- Perfect graphs
- Amalgamation of graphs
- Regular graph
- Cage
- Bipartite graph
- Cayley's graph
- Click
- Complementary graph
- Bruijin graph
- Graph density (Dense graphs and Hollow graphs)
- Interval graph
- Circle graph
- Line graph
- Petersen graph
- Planar graph
- Random graph
- Scale-invariant graph
- Cordal or split graph
- Trellis

Contents

Toggle## Graph theory

In graph theory, a graph **G** is defined by a couple (S, A) with **S** a finite set of vertices, and **TO** a finite set of pair of vertices (s_{i}, s_{j}) in S².

In a directed graph, the pairs (s_{i}, s_{j}) of **TO** are oriented, that is, s_{i} is the initial vertex and s_{j} the terminal vertex. Graphically, this couple is a **bow **from the top s_{i} towards the top s_{j}.

In an undirected graph, the pairs (s_{i}, s_{j}) are not oriented. Thus, (s_{i}, s_{j}) is equivalent to writing (s_{j}, s_{i}). Graphically, this couple is a **fish bone** between vertices s_{i} and s_{j}.

Elements of terminology:

- THE'
**order**of a graph is the number of its vertices |S|. - A
**loop**is an arc or an edge (s_{i}, s_{i}). - An undirected graph is said
**simple**if it does not contain a loop and if it has at most one edge between any pair of vertices. Otherwise it is a multi-graph. - A directed graph is said
**elementary**if it does not contain a loop. - A directed graph is a
**p-graph**if it has at most*p*arcs between any pair of vertices. - A graph
**partiel**of a graph is the graph obtained by deleting certain arcs (or edges). - a
**subgraph**of a graph is the graph obtained by deleting certain vertices and all incident arcs at the deleted vertices. - A graph is said
**full**if it has an edge (s_{i}, s_{j}) for any pair of vertices (or two arcs (s_{i}, s_{j}) and (s_{j}, s_{i})). A complete simple graph with n vertices will have n (n-1) / 2 edges. - a
**attribute**can be associated with (s_{i}, s_{j}). The attribute can be a letter, a word or a weight (numerical value). A graph with weights is called**Network**.

Consider a graph G = (V, E, w) with a weight function:

Concepts of adjacency:

- In an undirected graph, a vertex s
_{i}is said**adjacent**at a summit s_{j}if there is an edge between s_{i}and s_{j}. The set of vertices adjacent to a vertex s_{i}is defined by:

- In a directed graph, we distinguish the vertices
**successors**(terminals of an arc) and**predecessors**(initials of an arc):

Notions of degree of a vertex:

- In an undirected graph, the
**degree**of a vertex is the number of edges incident to this vertex. In the case of a simple graph we have:

- In a directed graph, the
**external half-degree**from a vertex is the number of arcs starting from this vertex. In a 1-graph we have:

- In a directed graph, the
**interior half degree**from a vertex is the number of arcs coming from this vertex. In a 1-graph we have:

- The number of vertices of odd degree is even. The sum of all degrees is twice the number of edges. Since the sum of degrees is even and the sum of degrees of vertices with even degree is even, the sum of degrees of vertices with odd degree must be even. If the sum of degrees of vertices with odd degree is even, there must be an even number of such vertices.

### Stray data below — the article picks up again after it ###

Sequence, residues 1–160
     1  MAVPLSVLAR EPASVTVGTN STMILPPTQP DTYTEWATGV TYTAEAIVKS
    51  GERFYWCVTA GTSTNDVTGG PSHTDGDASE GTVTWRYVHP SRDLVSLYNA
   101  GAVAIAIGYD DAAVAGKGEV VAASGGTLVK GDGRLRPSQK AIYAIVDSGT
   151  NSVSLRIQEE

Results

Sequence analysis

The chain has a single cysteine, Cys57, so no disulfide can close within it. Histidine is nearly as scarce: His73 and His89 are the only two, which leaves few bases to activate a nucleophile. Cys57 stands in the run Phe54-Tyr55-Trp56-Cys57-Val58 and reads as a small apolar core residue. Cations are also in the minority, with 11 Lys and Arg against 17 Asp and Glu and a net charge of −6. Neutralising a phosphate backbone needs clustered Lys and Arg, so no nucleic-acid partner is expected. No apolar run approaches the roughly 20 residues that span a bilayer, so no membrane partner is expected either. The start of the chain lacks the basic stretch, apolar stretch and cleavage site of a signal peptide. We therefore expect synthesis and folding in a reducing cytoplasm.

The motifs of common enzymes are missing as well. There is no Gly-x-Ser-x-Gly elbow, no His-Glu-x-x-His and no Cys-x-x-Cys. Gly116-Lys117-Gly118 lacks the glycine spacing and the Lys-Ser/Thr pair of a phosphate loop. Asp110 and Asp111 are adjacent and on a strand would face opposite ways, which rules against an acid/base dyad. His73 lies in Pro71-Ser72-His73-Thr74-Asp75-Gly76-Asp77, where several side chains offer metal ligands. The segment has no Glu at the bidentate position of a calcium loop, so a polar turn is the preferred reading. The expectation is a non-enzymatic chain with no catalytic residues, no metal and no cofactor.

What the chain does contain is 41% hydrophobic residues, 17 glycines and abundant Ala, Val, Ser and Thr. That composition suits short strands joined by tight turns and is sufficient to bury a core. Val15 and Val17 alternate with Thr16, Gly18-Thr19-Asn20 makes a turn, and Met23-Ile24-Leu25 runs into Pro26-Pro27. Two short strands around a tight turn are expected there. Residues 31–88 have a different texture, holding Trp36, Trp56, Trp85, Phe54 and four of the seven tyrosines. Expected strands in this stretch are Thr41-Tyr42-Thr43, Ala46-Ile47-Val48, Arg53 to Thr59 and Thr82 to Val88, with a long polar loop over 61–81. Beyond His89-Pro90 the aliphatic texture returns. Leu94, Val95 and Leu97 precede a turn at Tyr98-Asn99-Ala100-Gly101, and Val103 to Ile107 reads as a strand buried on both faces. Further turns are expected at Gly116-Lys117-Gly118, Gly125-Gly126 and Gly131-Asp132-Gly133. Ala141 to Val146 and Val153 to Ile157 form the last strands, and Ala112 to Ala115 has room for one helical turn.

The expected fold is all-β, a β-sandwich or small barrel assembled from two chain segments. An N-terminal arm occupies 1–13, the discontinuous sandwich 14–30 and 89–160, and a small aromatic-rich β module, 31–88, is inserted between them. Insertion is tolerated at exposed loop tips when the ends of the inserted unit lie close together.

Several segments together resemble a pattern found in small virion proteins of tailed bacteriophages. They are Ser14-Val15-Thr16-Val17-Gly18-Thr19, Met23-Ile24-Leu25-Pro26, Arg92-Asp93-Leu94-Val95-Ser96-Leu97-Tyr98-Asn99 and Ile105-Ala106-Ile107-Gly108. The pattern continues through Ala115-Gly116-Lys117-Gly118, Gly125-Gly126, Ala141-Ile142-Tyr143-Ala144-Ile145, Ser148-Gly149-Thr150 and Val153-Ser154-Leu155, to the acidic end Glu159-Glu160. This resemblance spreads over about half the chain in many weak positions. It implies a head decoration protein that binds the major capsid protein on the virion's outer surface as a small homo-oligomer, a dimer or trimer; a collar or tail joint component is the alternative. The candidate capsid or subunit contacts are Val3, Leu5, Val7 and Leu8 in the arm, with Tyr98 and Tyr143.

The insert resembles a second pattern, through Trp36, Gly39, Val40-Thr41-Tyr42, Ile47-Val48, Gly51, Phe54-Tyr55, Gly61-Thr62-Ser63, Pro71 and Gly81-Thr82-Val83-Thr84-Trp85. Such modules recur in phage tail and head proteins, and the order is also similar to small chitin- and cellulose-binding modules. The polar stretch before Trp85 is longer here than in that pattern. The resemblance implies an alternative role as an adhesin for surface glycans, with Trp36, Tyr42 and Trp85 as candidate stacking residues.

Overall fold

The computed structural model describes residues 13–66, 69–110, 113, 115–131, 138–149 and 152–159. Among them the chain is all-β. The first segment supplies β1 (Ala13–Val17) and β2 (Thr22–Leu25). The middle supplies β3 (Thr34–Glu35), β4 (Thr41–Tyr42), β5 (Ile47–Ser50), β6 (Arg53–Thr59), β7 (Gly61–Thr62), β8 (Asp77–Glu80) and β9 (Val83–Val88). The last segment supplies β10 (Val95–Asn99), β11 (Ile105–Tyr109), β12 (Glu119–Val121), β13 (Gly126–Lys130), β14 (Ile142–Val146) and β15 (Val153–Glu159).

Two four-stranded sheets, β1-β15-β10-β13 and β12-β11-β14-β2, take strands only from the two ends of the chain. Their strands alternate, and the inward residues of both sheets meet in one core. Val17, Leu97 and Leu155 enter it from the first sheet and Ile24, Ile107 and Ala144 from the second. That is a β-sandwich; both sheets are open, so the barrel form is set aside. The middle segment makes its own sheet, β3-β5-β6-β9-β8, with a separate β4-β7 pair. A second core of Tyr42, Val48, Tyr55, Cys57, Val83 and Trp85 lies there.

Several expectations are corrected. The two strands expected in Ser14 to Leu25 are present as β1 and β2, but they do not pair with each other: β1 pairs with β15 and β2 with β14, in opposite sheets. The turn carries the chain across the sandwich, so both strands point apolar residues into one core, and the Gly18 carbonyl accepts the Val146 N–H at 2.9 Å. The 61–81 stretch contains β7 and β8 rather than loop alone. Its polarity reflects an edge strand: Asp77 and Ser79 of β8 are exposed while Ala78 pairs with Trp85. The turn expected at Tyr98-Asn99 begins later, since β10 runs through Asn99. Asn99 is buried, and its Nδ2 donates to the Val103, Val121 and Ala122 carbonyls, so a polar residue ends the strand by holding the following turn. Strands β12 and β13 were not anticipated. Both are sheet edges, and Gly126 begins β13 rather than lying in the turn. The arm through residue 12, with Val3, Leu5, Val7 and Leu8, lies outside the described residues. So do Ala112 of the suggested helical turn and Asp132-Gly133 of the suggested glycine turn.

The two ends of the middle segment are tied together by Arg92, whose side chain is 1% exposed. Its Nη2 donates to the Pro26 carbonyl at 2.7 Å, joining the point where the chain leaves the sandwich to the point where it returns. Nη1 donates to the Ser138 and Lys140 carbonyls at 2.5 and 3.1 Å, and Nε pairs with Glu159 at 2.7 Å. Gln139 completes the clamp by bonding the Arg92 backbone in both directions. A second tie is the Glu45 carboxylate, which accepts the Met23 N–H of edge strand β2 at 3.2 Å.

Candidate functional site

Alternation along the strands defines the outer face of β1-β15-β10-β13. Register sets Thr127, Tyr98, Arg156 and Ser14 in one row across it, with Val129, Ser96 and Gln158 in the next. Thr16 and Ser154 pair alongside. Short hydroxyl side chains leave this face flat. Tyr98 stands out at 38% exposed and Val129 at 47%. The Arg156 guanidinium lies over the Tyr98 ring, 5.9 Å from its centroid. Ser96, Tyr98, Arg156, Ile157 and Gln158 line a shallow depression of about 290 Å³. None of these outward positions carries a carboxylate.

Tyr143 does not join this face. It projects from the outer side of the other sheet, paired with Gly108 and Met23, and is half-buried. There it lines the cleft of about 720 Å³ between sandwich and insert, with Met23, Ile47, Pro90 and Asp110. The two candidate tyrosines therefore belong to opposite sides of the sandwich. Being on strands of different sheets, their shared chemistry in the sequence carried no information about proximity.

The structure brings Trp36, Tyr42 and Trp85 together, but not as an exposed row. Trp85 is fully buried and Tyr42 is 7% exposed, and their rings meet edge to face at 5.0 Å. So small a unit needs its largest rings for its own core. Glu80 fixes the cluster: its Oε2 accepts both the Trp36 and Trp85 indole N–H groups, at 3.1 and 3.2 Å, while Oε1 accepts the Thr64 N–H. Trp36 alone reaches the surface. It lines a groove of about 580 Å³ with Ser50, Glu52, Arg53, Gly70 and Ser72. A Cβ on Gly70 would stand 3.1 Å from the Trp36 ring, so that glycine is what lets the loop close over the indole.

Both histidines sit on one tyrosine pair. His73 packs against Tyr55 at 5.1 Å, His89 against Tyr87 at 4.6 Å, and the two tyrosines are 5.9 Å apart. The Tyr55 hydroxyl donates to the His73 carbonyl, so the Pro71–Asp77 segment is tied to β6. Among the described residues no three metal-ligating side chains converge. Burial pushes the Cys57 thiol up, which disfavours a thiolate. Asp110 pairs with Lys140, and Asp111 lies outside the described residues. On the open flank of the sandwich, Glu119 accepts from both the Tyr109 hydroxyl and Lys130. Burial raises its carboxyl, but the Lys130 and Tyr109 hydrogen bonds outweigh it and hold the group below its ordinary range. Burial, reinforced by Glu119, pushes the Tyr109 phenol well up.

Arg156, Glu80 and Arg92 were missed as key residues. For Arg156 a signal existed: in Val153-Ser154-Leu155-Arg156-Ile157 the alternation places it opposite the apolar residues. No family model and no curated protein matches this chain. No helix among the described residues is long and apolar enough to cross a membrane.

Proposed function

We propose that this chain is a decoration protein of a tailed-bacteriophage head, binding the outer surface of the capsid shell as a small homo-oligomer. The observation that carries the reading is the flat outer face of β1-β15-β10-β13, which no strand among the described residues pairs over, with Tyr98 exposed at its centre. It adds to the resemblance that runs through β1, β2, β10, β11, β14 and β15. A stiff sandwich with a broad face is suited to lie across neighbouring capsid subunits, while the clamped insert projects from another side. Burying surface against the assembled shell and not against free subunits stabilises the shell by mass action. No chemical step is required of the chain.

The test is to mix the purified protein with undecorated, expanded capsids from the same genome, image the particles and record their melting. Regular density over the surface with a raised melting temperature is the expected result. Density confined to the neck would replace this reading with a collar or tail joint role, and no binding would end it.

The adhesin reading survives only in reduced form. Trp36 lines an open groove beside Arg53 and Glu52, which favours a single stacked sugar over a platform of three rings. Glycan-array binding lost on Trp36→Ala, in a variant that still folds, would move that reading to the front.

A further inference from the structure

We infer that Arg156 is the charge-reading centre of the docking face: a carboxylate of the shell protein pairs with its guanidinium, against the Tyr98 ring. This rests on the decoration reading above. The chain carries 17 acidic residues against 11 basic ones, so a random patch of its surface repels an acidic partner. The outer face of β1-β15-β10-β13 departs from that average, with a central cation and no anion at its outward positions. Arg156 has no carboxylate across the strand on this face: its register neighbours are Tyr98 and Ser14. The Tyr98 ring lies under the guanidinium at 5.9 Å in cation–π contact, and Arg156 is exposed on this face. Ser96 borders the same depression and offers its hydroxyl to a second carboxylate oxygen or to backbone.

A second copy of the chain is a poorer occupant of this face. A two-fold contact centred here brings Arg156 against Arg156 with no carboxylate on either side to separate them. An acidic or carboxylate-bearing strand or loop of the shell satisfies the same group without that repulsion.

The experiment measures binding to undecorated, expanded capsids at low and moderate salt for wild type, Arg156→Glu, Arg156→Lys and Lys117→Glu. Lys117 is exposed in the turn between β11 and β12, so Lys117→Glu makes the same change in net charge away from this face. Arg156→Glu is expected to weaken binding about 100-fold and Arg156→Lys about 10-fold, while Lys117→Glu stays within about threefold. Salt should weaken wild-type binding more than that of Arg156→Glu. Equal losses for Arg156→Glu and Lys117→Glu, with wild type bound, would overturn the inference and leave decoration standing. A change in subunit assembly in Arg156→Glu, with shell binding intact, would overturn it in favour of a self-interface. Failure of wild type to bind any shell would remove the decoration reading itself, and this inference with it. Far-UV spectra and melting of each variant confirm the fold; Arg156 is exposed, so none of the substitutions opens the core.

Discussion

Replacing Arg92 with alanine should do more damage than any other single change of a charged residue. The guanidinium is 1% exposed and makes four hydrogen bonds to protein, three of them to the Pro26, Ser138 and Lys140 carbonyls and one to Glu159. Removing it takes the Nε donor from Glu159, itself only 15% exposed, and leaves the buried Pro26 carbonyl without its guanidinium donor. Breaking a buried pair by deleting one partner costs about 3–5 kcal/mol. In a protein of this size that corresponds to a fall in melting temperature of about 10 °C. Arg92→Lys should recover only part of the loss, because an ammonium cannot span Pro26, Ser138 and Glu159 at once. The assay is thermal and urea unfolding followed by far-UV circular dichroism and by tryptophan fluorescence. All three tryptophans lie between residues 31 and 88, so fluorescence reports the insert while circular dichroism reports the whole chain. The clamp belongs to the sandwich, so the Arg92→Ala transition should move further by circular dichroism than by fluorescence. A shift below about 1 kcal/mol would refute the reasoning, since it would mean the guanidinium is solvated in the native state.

## Computer representation

There are two “academic” ways of representing a graph in a computer way: either by an adjacency matrix, or by adjacency lists.

We assume that the vertices of S are numbered from 1 to **not**. The adjacency matrix is a matrix **M** of size n * n such that M [i, j] = **value** if (i, j) in A, M [i, j] = **no value** otherwise. Within the framework of the presence of link between the vertex i and j, **value** = 1 and **no value** = 0. Within the framework of link valued between the vertex i and j, **value** = weighting and **no value** = infinite. In a non-oriented frame, the matrix will be symmetrical with the upper right triangle. This type of coding requires O (| S | ²) memory locations.

The representation by adjacency lists consists of an array **T** of **not** lists, one for each vertex of **S**. A linked list T [s_{i}] contains all the elements_{j} of **S** such that there is a link (s_{i}, s_{j}) in **TO**. That is, the list of successors of s_{i}. If the graph is valued, each link can contain information on the weighting. This type of encoding requires O (| S | + | A |) memory locations.

Each method has advantages and disadvantages depending on the operations that you want to perform on the graph.

## Pathways

**u**towards a summit

**v**is a sequence <s

_{0}, s

_{1}, … , s

_{k}> vertices such that u = s

_{0}and v = s

_{k}, and (s

_{i}, s

_{(i + 1)}) is in

**TO**for

**i**from 0 to k-1. The length of the path is the number of arcs in the path, i.e.

**k**. If there is a path

**u**To

**v**, we will say that

**v**is accessible from

**u**. A path is elementary if the vertices it contains are all distinct. u is called Start, v is called End.

_{0}= s

_{k}and if the path has at least one arc. This circuit is elementary if the path <s

_{0}, …, s

_{(k-1)}> (the circuit without the last vertex) is elementary. A loop is therefore a circuit of length 1. The graph is said to be acyclic if it has no circuit.

This can be calculated by transitive closure. The latter is the sum of **not** first powers of the adjacency matrix, n=|A|. The graph is strongly connected if the whole matrix has **value**. A strongly connected component is a strongly connected subgraph.

The same notions exist for undirected graphs under the name of chain and cycle. The graph is said to be connected and we speak of a connected component.